(Bloomberg) -- Two of the biggest U.S. banks, Goldman Sachs Group Inc. and Wells Fargo & Co., are on the brink of piling into credit-card lending, seeking a share of the $183 billion in fees and interest tied to the product.
Goldman Sachs is weighing the move as part of a push into consumer finance with its Marcus online lender, Chief Financial Officer Marty Chavez said during a conference call with analysts last month. Wells Fargo plans to resume targeting U.S. non-customers with mailed credit-card offers later this year and began accepting new applicants from outside affiliates in 2016.
The firms have pressing reasons to jump into card lending. Goldman is looking for a business that promises attractive returns even if the bank doesn’t win a large share, Chavez said. And for Wells Fargo, entering a market rich with fees is even more important after a Federal Reserve order crimped its business plans amid customer abuses in retail banking.
“I don’t see either of them crushing it because it’s an extremely competitive business with very good players,” Gerard Cassidy, an analyst at RBC Capital Markets, said in a telephone interview. “You’ve got well-established players that are not going to roll over. It would be very challenging for these new entrants to dethrone them any time soon.”
The lure is clear. The fees and interest U.S. banks collected from their card businesses jumped 12 percent in 2017 from a year earlier, according to estimates from payments consultancy R.K. Hammer. The average household that maintains a balance in credit-card debt pays $904 in interest a year, a study by Nerdwallet shows.
Costs to attract newer customers are also typically low, with many consumers applying online and getting approved in minutes. Issuers collect from merchants every time a customer swipes a card or clicks “buy now” on a website. Among consumer loans, credit cards typically come with the highest interest rates.
JPMorgan Chase & Co. kicked off an arms race in credit-card rewards in 2016 when it introduced the Sapphire Reserve card, which came with a $450 annual fee and an initial sign-up bonus of 100,000 reward points. Since then, American Express Co., Citigroup Inc. and U.S. Bancorp have retooled their offerings to keep up.
Wells Fargo, the biggest bank by interest-bearing U.S. deposits, has a comparatively underwhelming presence in credit cards. It is the 7th-largest issuer in the U.S., with a market share of roughly 4.3 percent, according to the industry publication Nilson Report. In debit cards, the San Francisco-based firm is the top issuer, at 12 percent.
“They probably missed out on the sweet spot in terms of credit cards, where we were in the economic recovery and where loss rates were continuing to go down,” Kyle Sanders, an analyst at Edward Jones, said of Wells Fargo’s efforts. “‘It’s not ideal, it’s not the best time.”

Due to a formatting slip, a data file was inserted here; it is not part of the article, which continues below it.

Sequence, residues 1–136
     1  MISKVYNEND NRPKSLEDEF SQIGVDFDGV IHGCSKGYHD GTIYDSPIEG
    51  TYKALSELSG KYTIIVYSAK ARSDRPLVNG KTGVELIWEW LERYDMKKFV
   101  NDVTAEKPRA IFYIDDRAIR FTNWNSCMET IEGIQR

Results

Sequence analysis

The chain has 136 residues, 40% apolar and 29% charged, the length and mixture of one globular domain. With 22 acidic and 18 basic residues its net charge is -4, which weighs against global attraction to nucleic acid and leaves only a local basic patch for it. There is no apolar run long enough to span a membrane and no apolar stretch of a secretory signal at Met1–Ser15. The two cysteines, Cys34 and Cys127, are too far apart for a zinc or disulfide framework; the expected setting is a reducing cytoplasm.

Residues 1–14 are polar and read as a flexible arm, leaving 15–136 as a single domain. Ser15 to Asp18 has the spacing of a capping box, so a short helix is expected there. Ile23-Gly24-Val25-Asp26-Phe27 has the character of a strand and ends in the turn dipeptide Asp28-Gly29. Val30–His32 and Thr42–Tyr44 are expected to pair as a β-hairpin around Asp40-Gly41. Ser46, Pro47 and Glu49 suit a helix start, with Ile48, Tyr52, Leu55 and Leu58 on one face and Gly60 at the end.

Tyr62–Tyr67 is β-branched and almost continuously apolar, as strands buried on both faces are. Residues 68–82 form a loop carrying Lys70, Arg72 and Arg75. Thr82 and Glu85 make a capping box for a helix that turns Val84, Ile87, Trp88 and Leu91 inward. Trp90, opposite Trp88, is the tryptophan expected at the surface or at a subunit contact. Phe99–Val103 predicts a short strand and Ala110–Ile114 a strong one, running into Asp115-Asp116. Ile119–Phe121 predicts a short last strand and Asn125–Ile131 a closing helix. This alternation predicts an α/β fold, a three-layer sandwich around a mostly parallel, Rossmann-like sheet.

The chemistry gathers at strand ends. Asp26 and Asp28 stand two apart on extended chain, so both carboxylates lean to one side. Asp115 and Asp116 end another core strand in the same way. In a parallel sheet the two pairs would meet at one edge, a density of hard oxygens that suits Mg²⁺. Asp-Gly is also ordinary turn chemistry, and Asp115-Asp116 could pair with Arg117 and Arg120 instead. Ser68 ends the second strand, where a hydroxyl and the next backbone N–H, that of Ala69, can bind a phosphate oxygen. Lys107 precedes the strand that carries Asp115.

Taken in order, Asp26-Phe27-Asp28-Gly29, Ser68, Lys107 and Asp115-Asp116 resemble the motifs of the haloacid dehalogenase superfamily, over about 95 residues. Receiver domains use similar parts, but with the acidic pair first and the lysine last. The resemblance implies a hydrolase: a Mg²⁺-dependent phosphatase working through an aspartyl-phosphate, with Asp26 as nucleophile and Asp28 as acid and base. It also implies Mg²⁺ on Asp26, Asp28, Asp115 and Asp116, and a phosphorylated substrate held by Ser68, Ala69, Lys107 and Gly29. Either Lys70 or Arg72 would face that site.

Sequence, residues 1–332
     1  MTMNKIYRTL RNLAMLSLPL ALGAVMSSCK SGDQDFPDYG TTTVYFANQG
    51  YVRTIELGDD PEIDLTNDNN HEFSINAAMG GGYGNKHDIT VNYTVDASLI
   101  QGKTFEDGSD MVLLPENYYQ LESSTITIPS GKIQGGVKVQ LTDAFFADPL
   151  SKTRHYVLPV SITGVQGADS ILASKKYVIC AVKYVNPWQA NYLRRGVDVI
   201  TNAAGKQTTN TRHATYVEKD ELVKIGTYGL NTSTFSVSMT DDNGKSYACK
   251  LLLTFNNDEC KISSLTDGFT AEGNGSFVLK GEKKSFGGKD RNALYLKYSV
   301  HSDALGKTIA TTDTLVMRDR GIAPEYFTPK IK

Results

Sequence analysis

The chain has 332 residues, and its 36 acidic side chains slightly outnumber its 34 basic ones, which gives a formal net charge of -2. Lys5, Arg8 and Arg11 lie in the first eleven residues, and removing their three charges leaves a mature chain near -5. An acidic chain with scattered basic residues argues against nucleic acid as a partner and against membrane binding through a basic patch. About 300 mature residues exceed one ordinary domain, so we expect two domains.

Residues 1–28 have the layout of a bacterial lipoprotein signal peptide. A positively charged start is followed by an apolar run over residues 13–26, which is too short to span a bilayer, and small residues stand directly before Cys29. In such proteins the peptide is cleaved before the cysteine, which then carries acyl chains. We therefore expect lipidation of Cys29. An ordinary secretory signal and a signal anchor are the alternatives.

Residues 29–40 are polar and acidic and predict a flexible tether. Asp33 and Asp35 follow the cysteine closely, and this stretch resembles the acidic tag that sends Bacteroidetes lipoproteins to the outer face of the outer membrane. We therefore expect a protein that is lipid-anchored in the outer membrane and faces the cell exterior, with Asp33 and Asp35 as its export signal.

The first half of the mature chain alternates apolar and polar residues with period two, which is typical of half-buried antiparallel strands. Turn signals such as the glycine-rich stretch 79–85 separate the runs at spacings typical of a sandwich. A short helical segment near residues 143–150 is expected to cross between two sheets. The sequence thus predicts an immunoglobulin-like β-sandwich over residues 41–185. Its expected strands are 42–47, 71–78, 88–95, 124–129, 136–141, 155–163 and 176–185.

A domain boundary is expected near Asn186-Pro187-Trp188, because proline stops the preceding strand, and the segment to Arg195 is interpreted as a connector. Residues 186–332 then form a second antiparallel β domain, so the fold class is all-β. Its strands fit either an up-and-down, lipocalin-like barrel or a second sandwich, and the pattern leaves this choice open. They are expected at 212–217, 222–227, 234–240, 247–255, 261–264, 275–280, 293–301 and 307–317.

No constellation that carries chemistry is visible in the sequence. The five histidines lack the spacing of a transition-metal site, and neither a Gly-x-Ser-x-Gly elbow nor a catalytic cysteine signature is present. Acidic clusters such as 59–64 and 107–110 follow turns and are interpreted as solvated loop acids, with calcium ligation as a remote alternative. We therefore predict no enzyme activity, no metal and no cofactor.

Goldman Sachs has been staffing Marcus with credit-card know-how, naming Harit Talwar, former head of Discover Financial Services’ card business, to lead efforts in digital finance. It hired Scott Young and Anand Sivadasan, who had previously negotiated co-brand credit-card partnerships for Citigroup, and Shailesh Mendonca, a digital marketing executive from Capital One Financial Corp. The New York-based bank also brought on a team from the now-defunct credit-card startup Final.
There are warning signs for card companies. Charge-offs at the largest U.S. credit-card issuers have steadily climbed over the last few years. That’s left shareholders skittish, as lenders set aside more funds to cover souring loans despite assurances from executives that portfolios are performing in line with expectations.
“Eight years ago would have been a lot better timing” for firms to enter the business, said Robert Hammer, chief executive officer of R.K. Hammer. “If they get into it now, they better have -- in addition to their strategic plans to grow -- they better have a well-built, well-constructed economic downturn contingency plan.”
Executives insist the rise in charge-offs is all part of a normal “seasoning” that happens with card portfolios. Many of them expanded their credit-card offerings two years ago and those new cardholders are just starting to show normal default behavior. For added reassurance, they point to the fact that unemployment is near a record low and consumer confidence near an all-time high.
“We still feel really good about the consumer, I mean really good,” Marianne Lake, chief financial officer at JPMorgan, said on a conference call with analysts last month. “We aren’t seeing any signs of fragility or deterioration across the portfolio.”
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